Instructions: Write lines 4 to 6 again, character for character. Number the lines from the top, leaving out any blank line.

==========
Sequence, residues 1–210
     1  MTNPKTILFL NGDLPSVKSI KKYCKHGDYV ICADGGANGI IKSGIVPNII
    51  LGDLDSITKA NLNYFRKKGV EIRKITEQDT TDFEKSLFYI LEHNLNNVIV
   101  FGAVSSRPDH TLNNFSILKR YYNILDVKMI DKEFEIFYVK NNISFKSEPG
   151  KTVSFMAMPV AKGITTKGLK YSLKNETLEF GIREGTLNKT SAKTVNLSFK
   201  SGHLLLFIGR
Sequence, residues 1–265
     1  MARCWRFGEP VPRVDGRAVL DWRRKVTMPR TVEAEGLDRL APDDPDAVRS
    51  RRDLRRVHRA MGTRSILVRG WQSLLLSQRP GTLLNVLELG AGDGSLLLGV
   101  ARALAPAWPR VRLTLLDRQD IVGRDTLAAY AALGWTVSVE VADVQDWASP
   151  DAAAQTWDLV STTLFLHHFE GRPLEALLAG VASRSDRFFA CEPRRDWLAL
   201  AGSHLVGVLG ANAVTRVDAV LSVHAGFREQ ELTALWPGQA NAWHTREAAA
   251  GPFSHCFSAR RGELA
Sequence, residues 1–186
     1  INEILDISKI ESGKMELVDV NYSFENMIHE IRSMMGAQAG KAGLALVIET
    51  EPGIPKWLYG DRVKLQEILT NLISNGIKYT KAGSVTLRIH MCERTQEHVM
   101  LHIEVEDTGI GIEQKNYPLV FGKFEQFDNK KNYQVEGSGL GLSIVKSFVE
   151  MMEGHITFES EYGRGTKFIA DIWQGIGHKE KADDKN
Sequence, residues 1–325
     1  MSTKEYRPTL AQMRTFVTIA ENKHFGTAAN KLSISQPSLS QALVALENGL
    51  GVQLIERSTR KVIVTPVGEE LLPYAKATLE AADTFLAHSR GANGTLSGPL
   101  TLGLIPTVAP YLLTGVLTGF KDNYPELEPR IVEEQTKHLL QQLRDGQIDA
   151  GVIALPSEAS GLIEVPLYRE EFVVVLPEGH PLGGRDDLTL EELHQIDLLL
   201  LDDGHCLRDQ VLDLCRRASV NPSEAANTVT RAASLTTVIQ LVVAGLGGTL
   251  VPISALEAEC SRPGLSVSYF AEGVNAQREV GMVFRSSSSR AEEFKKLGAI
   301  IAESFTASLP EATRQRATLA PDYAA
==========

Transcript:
   101  FGAVSSRPDH TLNNFSILKR YYNILDVKMI DKEFEIFYVK NNISFKSEPG
   151  KTVSFMAMPV AKGITTKGLK YSLKNETLEF GIREGTLNKT SAKTVNLSFK
   201  SGHLLLFIGR